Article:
Calmac in ‘substandard’ black pudding row on Stornoway route

Passengers claimed that the pudding served was not Stornoway Black Pudding and was a supermarket alternative.
Passengers claimed that the pudding served was not Stornoway Black Pudding and was a supermarket alternative.
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A row has broken out after passengers have claimed that the early morning ferry from the mainland to the Isle of Lewis does not serve the acclaimed local delicacy of Stornaway black pudding - and is instead offering a substandard supermarket alternative.

A traveller took to Twitter to quiz ferry operator Caledonian MacBrayne over the issue, asking if it should not be "supporting local suppliers" in its choice of the breakfast food, which has European protection, putting it on the same level as Parma ham and Cornish pasties.

Passengers claimed that the pudding served was not Stornoway Black Pudding and was a supermarket alternative.

Passengers claimed that the pudding served was not Stornoway Black Pudding and was a supermarket alternative.

CalMac immediately responded claiming that "to the best of [their] knowledge, Stornoway black pudding was on offer on the service. However, other passengers chimed in to insist that the version they had eaten on a recent crossing was "absolutely bowfing".

Twitter user Dòmhnall wrote: "@CalMacFerries Why are you using not-very-good supermarket black pudding on the Isle of Lewis ferry breakfast crossing? Should you not be supporting local suppliers by using Stornoway black pudding? Tourists expect to get a world class product, which Stornoway black pudding is."

CalMac responded: "Hi Domhnall, thanks very much for your message. To the best of our knowledge, Stornoway black pudding is served on board in the Mariner's Cafeteria."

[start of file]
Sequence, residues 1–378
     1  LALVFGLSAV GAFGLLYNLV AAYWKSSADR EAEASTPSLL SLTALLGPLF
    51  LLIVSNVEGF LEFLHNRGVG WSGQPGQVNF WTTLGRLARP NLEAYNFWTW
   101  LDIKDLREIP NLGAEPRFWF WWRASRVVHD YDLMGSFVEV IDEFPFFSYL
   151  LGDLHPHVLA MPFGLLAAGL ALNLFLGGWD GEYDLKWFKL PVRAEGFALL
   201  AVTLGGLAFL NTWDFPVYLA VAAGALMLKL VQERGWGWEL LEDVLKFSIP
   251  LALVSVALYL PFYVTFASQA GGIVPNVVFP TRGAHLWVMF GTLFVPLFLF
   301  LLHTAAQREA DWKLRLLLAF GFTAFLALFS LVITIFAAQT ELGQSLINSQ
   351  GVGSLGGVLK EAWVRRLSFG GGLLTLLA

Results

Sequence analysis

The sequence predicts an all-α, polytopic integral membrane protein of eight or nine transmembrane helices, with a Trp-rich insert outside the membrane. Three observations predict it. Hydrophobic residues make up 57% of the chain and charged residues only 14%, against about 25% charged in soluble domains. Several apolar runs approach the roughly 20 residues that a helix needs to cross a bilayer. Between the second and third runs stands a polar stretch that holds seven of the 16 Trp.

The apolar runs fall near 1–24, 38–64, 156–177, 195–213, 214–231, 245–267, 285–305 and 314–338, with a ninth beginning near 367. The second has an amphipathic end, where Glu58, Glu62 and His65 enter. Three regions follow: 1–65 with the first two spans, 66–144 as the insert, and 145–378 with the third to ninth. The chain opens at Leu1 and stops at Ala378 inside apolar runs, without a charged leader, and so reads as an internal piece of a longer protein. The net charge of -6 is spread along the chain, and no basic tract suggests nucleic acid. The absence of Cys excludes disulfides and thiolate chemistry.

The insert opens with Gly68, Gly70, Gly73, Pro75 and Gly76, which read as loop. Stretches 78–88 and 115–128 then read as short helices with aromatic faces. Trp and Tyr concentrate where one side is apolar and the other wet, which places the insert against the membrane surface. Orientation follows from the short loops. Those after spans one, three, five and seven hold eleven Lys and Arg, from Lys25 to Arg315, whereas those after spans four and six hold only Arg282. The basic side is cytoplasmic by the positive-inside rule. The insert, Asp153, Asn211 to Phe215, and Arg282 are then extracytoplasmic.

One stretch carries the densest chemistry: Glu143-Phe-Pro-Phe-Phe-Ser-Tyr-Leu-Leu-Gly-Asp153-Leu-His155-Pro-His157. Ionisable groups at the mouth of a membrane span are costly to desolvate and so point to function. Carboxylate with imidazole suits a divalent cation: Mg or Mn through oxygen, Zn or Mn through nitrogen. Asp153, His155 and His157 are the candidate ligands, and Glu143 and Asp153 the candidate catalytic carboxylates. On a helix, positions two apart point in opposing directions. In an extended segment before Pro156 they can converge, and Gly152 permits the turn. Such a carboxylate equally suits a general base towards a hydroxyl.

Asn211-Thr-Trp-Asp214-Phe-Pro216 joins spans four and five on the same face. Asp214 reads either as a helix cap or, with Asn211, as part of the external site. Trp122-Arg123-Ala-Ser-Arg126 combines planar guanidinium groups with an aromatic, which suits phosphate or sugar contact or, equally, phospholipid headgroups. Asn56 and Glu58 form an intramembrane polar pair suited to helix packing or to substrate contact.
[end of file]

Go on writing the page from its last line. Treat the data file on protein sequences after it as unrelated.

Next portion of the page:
Another passenger replied: "Sure wasn't when I crossed, the stuff served was absolutely bowfing."

The European status of the pudding – called Protected Geographical Indication – which was granted five years ago after a campaign by local butchers and politicians, means it can be described as Stornoway black pudding, or marag dubh in Gaelic, only if it is produced in the town or parish of Stornoway. The butchers were concerned at the international use of "Stornoway" or "Stornoway style" on menus to describe what they believed to be inferior puddings.

CalMac said it uses local Stornoway Black Pudding on its routes between Ullapool and Stornoway and the "Uig triangle" route between Uig, Tarbert and Lochmaddy and supplier Macsween's on its other routes. A spokesman added that he was not aware of any supply problems on this morning's ferry.

The ferry operator said it uses 67 suppliers across its restaurants, coffee shops, bars and onboard shops. Of those, 62 are from Scotland and 44 of those are on the islands.

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